Below is a description of Waverly Place by an enthusiastic real estate broker in the Daily Missouri Republican of June 23 1859:
“We feel perfectly safe in presuming that few if any of our readers are of such cold and indifferent composition as to be insensible to the charms of magnificent scenery.
Who has visited Niagara except the tailor, whose exclamation was, “What a capital place to sponge a coat!”without being overpowered by its grandeur?
Who can look upon a glorious landscape without his soul being filled to its utmost capacity with the most exquisite and satisfying emotions?
Seldom, however, is the denizen of the city, cribbed, cabined and confined, as he is, amid its countless piles of brick and mortar, shutting out almost from his view the blue arch over head, permitted the gratification of this, the higher and better portion of his nature, unless he avail himself, as he may easily, in this vicinity of the opportunity of erecting his “hearth stone,” in some rural and favored locality, such, for instance, as Waverly Place, the merits of which are set forth in our advertising columns by Mr. J.H. Obear, the auctioneer.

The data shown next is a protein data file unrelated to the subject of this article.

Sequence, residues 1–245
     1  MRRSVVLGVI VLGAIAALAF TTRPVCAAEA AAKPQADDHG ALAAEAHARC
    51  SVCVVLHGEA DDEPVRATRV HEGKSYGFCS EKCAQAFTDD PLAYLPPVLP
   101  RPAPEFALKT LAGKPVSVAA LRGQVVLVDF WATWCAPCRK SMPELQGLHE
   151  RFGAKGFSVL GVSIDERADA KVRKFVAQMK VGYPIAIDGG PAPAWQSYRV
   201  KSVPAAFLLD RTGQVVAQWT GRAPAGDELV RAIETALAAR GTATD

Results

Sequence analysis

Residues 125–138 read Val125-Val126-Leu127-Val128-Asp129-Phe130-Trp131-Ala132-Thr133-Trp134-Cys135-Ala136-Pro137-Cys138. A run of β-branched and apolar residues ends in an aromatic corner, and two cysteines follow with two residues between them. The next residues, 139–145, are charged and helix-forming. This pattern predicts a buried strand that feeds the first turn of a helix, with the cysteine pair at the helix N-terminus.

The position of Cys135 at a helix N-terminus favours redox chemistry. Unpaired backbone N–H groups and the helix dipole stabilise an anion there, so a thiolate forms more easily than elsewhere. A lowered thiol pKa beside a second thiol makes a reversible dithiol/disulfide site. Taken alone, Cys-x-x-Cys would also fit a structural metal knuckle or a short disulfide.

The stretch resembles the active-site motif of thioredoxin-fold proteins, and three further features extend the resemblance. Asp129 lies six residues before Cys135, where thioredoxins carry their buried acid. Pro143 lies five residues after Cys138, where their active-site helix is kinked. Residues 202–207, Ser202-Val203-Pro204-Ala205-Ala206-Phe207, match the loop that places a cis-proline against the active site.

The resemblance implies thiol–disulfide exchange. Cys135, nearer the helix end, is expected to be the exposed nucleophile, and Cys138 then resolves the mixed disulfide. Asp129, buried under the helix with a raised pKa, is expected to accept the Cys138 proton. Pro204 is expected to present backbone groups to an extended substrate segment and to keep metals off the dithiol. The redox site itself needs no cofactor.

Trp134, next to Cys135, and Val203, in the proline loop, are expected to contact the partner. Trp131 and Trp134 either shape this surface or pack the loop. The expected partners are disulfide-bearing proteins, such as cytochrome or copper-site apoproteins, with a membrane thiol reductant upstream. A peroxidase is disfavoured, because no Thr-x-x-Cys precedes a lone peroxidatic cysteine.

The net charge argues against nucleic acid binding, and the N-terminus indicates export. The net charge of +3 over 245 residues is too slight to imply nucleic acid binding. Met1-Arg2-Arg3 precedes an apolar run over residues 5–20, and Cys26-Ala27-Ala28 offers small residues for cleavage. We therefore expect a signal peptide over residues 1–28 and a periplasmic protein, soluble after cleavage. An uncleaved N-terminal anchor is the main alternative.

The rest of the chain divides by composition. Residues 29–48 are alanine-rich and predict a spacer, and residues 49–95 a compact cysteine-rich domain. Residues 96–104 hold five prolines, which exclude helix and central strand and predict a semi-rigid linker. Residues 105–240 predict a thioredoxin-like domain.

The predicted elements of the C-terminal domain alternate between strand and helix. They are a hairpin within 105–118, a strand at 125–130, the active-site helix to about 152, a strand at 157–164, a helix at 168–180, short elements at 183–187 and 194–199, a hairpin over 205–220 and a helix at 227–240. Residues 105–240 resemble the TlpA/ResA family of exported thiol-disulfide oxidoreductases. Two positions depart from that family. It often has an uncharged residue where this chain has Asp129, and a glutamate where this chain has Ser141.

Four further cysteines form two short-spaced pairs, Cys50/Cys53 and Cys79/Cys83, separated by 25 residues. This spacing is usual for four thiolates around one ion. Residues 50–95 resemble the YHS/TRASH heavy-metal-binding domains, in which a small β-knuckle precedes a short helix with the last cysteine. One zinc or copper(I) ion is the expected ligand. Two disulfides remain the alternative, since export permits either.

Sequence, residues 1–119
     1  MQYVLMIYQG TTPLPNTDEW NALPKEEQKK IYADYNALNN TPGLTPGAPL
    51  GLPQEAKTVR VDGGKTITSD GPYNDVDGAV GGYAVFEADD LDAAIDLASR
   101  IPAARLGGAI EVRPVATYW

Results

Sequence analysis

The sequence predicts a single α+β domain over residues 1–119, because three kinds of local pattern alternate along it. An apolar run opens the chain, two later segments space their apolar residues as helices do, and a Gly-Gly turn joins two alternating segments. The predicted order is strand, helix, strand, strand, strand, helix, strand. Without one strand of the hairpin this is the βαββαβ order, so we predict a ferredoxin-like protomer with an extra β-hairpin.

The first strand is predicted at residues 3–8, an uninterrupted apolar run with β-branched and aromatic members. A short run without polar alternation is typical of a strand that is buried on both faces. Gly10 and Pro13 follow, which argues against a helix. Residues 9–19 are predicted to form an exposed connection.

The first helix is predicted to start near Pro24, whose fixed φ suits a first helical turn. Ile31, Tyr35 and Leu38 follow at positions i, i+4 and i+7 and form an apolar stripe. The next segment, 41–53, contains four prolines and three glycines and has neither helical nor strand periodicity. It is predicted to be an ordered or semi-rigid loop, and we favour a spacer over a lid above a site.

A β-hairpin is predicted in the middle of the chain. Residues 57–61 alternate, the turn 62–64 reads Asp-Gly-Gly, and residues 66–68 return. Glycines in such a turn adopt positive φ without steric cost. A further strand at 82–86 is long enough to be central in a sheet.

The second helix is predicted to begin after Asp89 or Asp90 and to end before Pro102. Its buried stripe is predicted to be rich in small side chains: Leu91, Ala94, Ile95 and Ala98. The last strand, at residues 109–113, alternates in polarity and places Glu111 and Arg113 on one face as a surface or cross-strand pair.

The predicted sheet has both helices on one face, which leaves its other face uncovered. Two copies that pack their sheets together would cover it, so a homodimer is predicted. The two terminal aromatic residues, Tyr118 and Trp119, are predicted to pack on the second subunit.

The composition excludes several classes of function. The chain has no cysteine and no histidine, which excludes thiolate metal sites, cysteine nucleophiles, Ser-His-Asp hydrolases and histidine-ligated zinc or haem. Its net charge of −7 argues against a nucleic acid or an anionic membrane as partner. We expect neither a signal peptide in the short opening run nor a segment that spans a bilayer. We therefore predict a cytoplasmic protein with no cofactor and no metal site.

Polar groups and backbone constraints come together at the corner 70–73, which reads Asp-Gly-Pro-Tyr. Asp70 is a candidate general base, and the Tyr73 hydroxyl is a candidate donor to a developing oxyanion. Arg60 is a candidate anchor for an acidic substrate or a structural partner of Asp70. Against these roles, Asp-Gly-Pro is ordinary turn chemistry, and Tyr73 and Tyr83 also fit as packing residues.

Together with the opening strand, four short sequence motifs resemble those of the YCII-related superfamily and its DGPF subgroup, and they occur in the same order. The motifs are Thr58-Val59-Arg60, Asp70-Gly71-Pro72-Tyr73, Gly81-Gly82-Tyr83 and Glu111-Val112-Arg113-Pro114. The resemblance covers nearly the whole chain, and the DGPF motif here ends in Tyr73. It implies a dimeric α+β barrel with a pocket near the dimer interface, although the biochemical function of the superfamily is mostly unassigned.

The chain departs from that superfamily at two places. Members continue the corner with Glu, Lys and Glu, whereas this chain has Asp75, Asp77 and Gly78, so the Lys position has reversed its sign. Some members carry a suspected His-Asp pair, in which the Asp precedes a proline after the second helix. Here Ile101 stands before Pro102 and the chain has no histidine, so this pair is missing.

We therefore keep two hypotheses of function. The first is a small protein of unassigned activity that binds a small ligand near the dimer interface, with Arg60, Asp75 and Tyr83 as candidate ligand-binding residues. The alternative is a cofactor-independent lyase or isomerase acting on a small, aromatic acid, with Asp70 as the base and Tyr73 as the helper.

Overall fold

Those who dwell continually amid scenes of natural beauty should give attention to the sale which is to occur at Waverly Place next Wednesday.”
Waverly Place was a name rather whimsically chosen by Charles Gibson to the roadway through his estate across from Lafayette Park. He developed parcels to the south of his residence on this new street. Here’s a deeper dive into both.